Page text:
Issuers of news releases, not 7th Wave, Inc. or Nanotechnology Now, are solely responsible for the accuracy of the content.

Bookmark:
Delicious Digg Newsvine Google Yahoo Reddit Magnoliacom Furl Facebook

Related News Press

Physics

Flexible Metamaterial Absorbers July 29th, 2014

News and information

Tough foam from tiny sheets: Rice University lab uses atom-thick materials to make ultralight foam July 29th, 2014

Zenosense, Inc. July 29th, 2014

Optimum inertial design for self-propulsion: A new study investigates the effects of small but finite inertia on the propulsion of micro and nano-scale swimming machines July 29th, 2014

A new way to make microstructured surfaces: Method can produce strong, lightweight materials with specific surface properties July 29th, 2014

Govt.-Legislation/Regulation/Funding/Policy

Tough foam from tiny sheets: Rice University lab uses atom-thick materials to make ultralight foam July 29th, 2014

A new way to make microstructured surfaces: Method can produce strong, lightweight materials with specific surface properties July 29th, 2014

Seeing is bead-lieving: Rice University scientists create model 'bead-spring' chains with tunable properties July 28th, 2014

Stanford team achieves 'holy grail' of battery design: A stable lithium anode - Engineers use carbon nanospheres to protect lithium from the reactive and expansive problems that have restricted its use as an anode July 27th, 2014

Academic/Education

Haydale Announces Collaboration Agreement with Swansea University’s Welsh Centre for Printing and Coatings (WCPC) July 12th, 2014

STFC takes delivery of the 100th Hitachi Tabletop SEM in the UK July 3rd, 2014

Innovation Management and the Emergence of the Nanobiotechnology Industry July 1st, 2014

Albany NanoCollege Faculty Member Selected as Editor-in-Chief of the Prestigious Journal of Electronic Materials July 1st, 2014

Nanoelectronics

A*STAR and industry form S$200M semiconductor R&D July 25th, 2014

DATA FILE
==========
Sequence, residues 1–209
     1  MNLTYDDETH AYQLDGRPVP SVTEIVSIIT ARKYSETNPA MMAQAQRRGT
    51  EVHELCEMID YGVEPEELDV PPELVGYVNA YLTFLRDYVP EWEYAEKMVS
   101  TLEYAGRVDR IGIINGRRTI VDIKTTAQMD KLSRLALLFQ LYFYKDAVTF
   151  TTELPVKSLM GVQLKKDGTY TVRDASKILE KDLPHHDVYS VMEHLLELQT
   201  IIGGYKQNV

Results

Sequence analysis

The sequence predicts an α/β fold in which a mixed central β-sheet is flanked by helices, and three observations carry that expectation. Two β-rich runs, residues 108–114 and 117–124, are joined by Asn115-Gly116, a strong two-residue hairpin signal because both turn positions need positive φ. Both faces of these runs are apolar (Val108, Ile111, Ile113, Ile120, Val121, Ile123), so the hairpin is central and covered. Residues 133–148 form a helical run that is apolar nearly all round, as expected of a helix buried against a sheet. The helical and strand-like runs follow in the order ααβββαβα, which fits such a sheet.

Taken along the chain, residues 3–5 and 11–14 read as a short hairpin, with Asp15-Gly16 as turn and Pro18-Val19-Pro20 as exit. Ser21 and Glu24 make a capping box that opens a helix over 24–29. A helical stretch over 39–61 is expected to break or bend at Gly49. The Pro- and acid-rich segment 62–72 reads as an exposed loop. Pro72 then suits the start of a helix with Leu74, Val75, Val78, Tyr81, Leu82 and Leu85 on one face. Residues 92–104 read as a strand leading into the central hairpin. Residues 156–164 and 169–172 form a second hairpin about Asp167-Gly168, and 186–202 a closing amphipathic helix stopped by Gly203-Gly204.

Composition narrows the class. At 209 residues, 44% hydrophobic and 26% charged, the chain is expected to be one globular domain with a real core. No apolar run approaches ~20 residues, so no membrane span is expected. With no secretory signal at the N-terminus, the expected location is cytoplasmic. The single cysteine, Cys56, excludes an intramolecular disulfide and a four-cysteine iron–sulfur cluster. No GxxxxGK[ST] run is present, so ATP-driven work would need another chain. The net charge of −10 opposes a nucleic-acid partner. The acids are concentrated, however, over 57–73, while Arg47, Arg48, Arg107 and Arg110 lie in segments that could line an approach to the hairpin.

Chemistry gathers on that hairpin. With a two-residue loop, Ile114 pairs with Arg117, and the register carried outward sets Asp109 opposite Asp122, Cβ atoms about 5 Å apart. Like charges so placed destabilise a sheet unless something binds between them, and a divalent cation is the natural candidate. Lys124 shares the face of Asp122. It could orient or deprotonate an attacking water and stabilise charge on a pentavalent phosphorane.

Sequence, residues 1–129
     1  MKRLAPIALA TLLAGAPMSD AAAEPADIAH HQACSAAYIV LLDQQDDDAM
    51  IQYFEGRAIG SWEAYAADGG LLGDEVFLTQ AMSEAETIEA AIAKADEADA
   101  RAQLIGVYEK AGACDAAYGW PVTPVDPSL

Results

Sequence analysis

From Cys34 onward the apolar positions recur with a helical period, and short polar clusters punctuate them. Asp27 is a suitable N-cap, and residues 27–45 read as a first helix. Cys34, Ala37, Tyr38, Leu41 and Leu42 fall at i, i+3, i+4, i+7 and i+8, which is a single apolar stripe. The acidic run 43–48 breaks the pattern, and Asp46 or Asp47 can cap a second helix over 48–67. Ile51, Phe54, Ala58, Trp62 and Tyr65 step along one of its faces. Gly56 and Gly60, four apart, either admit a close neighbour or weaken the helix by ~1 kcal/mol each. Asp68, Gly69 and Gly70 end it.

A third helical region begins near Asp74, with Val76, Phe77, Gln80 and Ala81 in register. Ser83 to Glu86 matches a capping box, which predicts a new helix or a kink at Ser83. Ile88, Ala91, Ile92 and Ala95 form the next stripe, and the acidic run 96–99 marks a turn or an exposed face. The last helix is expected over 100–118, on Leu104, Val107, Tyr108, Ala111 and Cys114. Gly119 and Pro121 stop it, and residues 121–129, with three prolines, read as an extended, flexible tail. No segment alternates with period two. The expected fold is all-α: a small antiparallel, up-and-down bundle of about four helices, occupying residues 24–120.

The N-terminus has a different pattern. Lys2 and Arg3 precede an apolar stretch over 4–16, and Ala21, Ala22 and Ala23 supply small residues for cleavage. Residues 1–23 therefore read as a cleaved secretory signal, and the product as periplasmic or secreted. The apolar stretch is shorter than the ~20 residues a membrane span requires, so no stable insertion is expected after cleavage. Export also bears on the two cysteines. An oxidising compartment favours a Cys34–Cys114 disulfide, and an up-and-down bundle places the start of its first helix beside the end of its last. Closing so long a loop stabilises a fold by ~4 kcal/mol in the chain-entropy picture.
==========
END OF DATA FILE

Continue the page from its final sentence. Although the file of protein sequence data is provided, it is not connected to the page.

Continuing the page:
A Crystal Wedding in the Nanocosmos July 23rd, 2014

3-D nanostructure could benefit nanoelectronics, gas storage: Rice U. researchers predict functional advantages of 3-D boron nitride July 15th, 2014

IBM Announces $3 Billion Research Initiative to Tackle Chip Grand Challenges for Cloud and Big Data Systems: Scientists and engineers to push limits of silicon technology to 7 nanometers and below and create post-silicon future July 10th, 2014

Discoveries

Tough foam from tiny sheets: Rice University lab uses atom-thick materials to make ultralight foam July 29th, 2014

Zenosense, Inc. July 29th, 2014

Optimum inertial design for self-propulsion: A new study investigates the effects of small but finite inertia on the propulsion of micro and nano-scale swimming machines July 29th, 2014

A new way to make microstructured surfaces: Method can produce strong, lightweight materials with specific surface properties July 29th, 2014

Announcements

Tough foam from tiny sheets: Rice University lab uses atom-thick materials to make ultralight foam July 29th, 2014

Zenosense, Inc. July 29th, 2014

Optimum inertial design for self-propulsion: A new study investigates the effects of small but finite inertia on the propulsion of micro and nano-scale swimming machines July 29th, 2014

A new way to make microstructured surfaces: Method can produce strong, lightweight materials with specific surface properties July 29th, 2014

Photonics/Optics/Lasers

NUS scientists use low cost technique to improve properties and functions of nanomaterials: By 'drawing' micropatterns on nanomaterials using a focused laser beam, scientists could modify properties of nanomaterials for effective applications in photonic and optoelectric applicat July 22nd, 2014

Carbyne morphs when stretched: Rice University calculations show carbon-atom chain would go metal to semiconductor July 21st, 2014

Tiny laser sensor heightens bomb detection sensitivity July 19th, 2014

Future Electronics May Depend on Lasers, Not Quartz July 17th, 2014

Research partnerships

Breakthrough laser experiment reveals liquid-like motion of atoms in an ultra-cold cluster: University of Leicester research team unlocks insights into creation of new nano-materials July 25th, 2014

A*STAR and industry form S$200M semiconductor R&D July 25th, 2014

A Crystal Wedding in the Nanocosmos July 23rd, 2014

Penn Study: Understanding Graphene’s Electrical Properties on an Atomic Level July 22nd, 2014

NanoNews-Digest
The latest news from around the world, FREE



  Premium Products
NanoNews-Custom
Only the news you want to read!
 Learn More
NanoTech-Transfer
University Technology Transfer & Patents
 Learn More
NanoStrategies
Full-service, expert consulting
 Learn More














ASP
Nanotechnology Now Featured Books




NNN

The Hunger Project







© Copyright 1999-2014 7th Wave, Inc. All Rights Reserved PRIVACY POLICY :: CONTACT US :: STATS :: SITE MAP :: ADVERTISE